Weekend Scholarship Roundup

In "The Application of Maqasid Al-Shari’ah in the Foreign Policy of Islamic States" (International Journal of Academic Research in Business and Social Sciences, 2021), Usman Safiyanu Duguri and others discuss the relevance of the objectives of Islamic law (maqāsid al-sharī'a) to how Muslim-majority nations formulate their foreign policies, with an added observation that maqāsid al-sharī'a … Continue reading Weekend Scholarship Roundup

Waqf and the Modern State, Capitalism, and the Private Property Regime

By Nada Moumtaz In the numerous small foundations that form the bulk of waqfs in Beirut in the nineteenth century, waqf, I suggested in my previous post, was the material foundation and an important means to live as a good Muslim — to get close to God, to care for one’s family as charity. Besides … Continue reading Waqf and the Modern State, Capitalism, and the Private Property Regime

Weekend Scholarship Roundup

In Transformations of Tradition: Islamic Law in Colonial Modernity (Oxford University Press, 2021), Junaid Quadri (University of Illinois at Chicago), explores the various ways in which Islamic law was interpreted in innovative ways to accommodate new technologies and modernity, with a focus on a towering 20th century figure, Egyptian scholar Bakhit al-Muti'i, who all the … Continue reading Weekend Scholarship Roundup

Scholarship as Resistance: An Interview with Wael Hallaq

This interview was conducted by Omar Abdel-Ghaffar (Harvard University, PhD student). This interview is part of the Islamic Law Blog’s Roundtable on Islamic Legal History & Historiography, edited by Intisar Rabb (Editor-in-Chief) and Mariam Sheibani (Lead Blog Editor), and introduced with a list of further readings in the short post by Intisar Rabb: “Methods and Meaning in Islamic Law: Introduction.” Islamic Law Blog … Continue reading Scholarship as Resistance: An Interview with Wael Hallaq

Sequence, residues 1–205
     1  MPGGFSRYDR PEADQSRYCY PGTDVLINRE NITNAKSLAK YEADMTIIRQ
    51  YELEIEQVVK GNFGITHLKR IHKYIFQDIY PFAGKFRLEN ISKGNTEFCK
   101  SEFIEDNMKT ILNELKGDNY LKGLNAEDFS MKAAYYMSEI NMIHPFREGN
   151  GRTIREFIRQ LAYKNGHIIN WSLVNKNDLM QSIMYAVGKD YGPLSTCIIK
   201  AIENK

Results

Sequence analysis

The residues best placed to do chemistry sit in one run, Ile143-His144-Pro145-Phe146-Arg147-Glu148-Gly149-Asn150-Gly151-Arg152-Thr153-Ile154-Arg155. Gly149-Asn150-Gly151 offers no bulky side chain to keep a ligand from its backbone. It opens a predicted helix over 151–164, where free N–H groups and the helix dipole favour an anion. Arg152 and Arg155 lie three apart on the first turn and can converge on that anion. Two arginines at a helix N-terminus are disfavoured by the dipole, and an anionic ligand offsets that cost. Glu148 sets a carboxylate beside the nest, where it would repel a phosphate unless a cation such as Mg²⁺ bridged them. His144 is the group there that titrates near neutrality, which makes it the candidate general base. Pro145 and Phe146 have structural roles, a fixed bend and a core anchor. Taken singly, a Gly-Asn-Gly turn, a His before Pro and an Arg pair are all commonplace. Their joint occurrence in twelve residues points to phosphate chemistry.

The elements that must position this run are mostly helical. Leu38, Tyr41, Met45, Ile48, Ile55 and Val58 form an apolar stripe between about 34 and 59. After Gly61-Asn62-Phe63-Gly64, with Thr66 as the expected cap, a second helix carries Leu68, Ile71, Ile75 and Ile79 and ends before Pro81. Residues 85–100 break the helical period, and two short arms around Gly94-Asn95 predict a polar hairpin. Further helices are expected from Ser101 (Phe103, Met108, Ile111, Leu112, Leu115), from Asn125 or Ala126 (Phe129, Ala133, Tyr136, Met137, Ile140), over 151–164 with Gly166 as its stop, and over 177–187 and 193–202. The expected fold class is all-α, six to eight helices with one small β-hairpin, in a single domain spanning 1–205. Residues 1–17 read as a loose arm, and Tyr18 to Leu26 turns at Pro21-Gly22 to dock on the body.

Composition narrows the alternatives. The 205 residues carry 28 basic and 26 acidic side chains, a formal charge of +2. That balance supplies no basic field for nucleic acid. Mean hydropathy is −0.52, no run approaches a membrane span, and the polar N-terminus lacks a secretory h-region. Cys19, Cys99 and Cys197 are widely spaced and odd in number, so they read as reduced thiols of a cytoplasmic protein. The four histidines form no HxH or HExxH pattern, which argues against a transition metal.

Weekend Scholarship Roundup

On January 7-8, 2021, the Legal History Blog hosted an online conference entitled "Paper Empires: Layers of law in colonial South Asia and the Indian Ocean." Among others, Fahad Bishara (University of Virginia) presented his paper entitled "The Sailing Scribes: Legal Thinking and Praxis Across the Twentieth-Century Indian Ocean." In "The Majelis Ulama Indonesia and … Continue reading Weekend Scholarship Roundup

Islamic Law & Law of the Muslim World eJournal: July 3rd

SSRN's logo featuring the letters "S" "S" "R" "N" in capital letters

This week’s issue of SSRN’s Islamic Law & Law of the Muslim World eJournal includes: “Muslim Nationality in Late Colonial India: From Law to Sacrifice” by Adeel Hussain By way of retracing the 1935 Shahidganj mosque dispute, this paper explores how Indian Muslims transformed their vision of community from one seeking moral legitimacy within colonial … Continue reading Islamic Law & Law of the Muslim World eJournal: July 3rd

Recent Scholarship: Patriarchy and Colonialism

The latest issue of the Journal of Women's History includes the following article examining gender, race, class, and patriarchy within the British and colonial legal systems: "Class, White Women, and Elite Asian Men in British Courts during the Late Nineteenth Century" by Nurfadzilah Yahaya British imperial politics was profoundly affected by class alongside gender and … Continue reading Recent Scholarship: Patriarchy and Colonialism

Historical Primary Sources: Report of the Panel of Jurists Appointed by the Northern Region Government to Examine the Legal and Judicial Systems of the Region

On July 28, 1958, the colonial government of the Northern Region of Nigeria appointed a panel of jurists to examine the multiple systems of law existing in the region and to make recommendations for avoiding conflict among those plural systems. The multiple systems of law were English common law, British colonial statutory law, customary law, … Continue reading Historical Primary Sources: Report of the Panel of Jurists Appointed by the Northern Region Government to Examine the Legal and Judicial Systems of the Region

Commentary: The Judicial Committee of the Privy Council and Islamic Endowments (Awqāf)

This article, by SHARIAsource South Asia editor Dr. Zubair Abbasi, provides an overview of the judgments of the Judicial Committee of the Privy Council, the highest court of appeal in the British Empire regarding Islamic Endowments (awqāf). The cases originated from all over the Muslim-populated areas of the British Empire. The first judgment was delivered … Continue reading Commentary: The Judicial Committee of the Privy Council and Islamic Endowments (Awqāf)